17th January 2017
It is believed that there will be 14m public Wi-Fi hotspots across the UK by the end of 2017. The big benefit is that they are extremely useful for travellers or people ‘roaming’ having access to free or cheap internet access. This is obviously great for ad-hoc and immediate access for social media use or personal chats or video, but such access poses some very real risks to the individual. These risks rise exponentially for businesses or individuals wishing to gain access to more sensitive data or information. Such as accessing bank accounts, connecting to work email or systems or online shopping.
The free and easy use is very appealing but it is no exaggeration to say that many people have no idea of the real dangers they risk!
So what is the problem with public Wi-Fi?
Recent studies have shown that 45% of mobile users (i.e. those using mobile phones or laptops) said they frequently make use of hotspot services on trains, in bars, restaurants and the many other public locations that offer it. Of the 45%, more than 80% access their various social media accounts, 69% use them for general web browsing, 25% for online shopping, 15% use it for online banking, 7% do “business related activities” and 27% admit using it for “other personal activities”.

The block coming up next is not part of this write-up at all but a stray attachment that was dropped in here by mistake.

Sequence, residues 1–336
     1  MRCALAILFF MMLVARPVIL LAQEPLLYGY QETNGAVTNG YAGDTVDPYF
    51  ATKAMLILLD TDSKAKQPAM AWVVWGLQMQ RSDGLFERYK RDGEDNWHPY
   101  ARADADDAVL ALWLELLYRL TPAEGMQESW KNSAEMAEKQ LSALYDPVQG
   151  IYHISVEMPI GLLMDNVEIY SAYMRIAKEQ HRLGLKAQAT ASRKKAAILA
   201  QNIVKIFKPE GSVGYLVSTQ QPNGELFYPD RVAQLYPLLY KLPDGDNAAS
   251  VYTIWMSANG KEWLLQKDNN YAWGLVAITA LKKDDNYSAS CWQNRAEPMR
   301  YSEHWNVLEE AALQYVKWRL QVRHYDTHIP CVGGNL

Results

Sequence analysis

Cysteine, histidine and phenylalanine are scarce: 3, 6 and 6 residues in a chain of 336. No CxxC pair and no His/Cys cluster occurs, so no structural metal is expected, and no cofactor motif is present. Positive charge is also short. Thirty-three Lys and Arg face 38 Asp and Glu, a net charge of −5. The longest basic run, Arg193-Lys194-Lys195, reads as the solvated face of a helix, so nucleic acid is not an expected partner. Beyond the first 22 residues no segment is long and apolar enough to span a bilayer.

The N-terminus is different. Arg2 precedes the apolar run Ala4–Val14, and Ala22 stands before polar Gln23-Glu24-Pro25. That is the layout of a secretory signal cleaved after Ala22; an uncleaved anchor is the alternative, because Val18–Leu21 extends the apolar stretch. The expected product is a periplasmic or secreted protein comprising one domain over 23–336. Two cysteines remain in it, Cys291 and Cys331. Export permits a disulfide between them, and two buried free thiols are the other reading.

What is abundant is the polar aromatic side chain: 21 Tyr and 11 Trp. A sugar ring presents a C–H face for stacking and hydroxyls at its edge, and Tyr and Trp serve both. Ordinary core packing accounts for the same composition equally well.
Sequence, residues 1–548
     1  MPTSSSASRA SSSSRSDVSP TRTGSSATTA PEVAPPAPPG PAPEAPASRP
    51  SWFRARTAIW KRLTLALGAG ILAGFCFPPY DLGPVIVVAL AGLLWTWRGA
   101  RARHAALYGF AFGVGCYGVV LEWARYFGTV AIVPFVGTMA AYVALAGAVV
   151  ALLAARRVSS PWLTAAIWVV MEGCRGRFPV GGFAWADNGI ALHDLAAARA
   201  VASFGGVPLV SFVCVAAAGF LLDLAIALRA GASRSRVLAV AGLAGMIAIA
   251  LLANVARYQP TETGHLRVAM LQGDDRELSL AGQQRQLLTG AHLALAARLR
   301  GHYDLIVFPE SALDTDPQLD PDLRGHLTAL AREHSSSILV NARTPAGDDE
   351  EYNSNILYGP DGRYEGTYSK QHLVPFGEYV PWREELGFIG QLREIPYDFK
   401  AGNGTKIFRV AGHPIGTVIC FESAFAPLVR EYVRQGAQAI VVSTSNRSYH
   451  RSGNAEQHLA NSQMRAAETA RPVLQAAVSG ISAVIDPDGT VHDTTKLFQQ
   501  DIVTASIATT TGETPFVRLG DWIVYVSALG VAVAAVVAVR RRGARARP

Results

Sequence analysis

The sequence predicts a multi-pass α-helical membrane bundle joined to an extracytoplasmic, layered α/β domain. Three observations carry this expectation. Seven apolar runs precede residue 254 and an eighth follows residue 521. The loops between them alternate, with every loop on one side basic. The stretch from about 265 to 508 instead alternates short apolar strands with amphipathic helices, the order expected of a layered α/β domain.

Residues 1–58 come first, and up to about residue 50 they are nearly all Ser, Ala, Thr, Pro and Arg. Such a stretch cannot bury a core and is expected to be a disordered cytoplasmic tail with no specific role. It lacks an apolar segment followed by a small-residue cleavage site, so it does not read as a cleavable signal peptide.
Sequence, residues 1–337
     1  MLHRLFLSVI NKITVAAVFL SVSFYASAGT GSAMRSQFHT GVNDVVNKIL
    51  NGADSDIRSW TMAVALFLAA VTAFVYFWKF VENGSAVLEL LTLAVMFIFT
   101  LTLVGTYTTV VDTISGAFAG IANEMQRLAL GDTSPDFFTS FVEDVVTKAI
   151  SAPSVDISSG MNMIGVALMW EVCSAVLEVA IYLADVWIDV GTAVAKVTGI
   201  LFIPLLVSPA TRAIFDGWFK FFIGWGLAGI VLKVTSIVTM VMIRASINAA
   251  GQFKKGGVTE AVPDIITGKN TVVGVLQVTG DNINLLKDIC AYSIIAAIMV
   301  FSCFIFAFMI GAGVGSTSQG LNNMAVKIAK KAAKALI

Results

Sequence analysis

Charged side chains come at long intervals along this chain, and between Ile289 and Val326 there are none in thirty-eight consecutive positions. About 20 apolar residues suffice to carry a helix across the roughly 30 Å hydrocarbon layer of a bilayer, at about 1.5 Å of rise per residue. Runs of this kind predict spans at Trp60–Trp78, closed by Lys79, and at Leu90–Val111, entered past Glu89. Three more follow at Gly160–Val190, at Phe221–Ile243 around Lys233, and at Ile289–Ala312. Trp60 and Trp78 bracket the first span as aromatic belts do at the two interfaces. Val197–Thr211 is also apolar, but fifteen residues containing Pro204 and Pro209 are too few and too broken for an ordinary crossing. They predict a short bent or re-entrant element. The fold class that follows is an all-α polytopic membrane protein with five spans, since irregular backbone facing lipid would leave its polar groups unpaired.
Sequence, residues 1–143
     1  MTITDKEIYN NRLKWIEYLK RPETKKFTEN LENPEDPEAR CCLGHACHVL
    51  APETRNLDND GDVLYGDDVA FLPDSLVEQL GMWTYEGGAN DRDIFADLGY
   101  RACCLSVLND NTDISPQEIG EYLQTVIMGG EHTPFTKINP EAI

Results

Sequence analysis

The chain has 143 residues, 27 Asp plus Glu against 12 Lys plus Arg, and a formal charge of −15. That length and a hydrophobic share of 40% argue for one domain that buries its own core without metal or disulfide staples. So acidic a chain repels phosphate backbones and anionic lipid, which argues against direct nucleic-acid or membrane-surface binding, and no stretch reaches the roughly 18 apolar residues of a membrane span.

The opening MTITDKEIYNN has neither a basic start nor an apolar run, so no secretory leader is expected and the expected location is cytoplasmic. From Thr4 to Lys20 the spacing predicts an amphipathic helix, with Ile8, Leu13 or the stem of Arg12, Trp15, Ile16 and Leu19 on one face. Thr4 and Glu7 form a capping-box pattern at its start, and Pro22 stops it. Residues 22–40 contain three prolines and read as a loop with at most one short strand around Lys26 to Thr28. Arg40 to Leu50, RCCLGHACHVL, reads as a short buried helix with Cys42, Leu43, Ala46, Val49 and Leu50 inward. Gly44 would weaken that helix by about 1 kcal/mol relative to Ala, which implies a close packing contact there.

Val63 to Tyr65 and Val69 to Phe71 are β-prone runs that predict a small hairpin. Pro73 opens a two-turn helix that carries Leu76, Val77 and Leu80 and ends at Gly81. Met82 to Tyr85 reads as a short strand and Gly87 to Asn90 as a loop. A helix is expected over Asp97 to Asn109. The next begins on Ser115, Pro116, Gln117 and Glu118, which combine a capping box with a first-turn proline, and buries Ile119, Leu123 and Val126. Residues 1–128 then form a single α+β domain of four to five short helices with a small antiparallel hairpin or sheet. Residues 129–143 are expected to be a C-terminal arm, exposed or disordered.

Therefore of the millions of people using it, all are conducting some form of private, personal or accessing business sites and services while connected to public Wi-Fi.
The word ‘public’ means more than on offer to the public. It can also mean that the data you are passing is also now public.
So, without any additional, correctly configured and layered protection on the mobile device, it is entirely feasible for any connected device to view, record and replicate the traffic sent and received by everyone else on that network. A malicious individual could sit back in a car park or coffee shop and carry out all manner of attacks at their leisure to intercept data as unsuspecting customer’s access online banking or chat on social media. Particularly adept individuals can even set up their own completely legitimate looking hotspots with the primary goal of capturing personal data as they will be able to de-crypt and decode everything you send across their ‘fake’ or ‘rogue’ access point.
Generally statistics show that 75% of public Wi-Fi connections are vulnerable to a menu of weaknesses and attacks with the majority not even employing basic encryption, which means that all traffic is visible to anybody with access to freely available software tools.
Here are just some of the ways a hacker could steal data from public Wi-Fi users: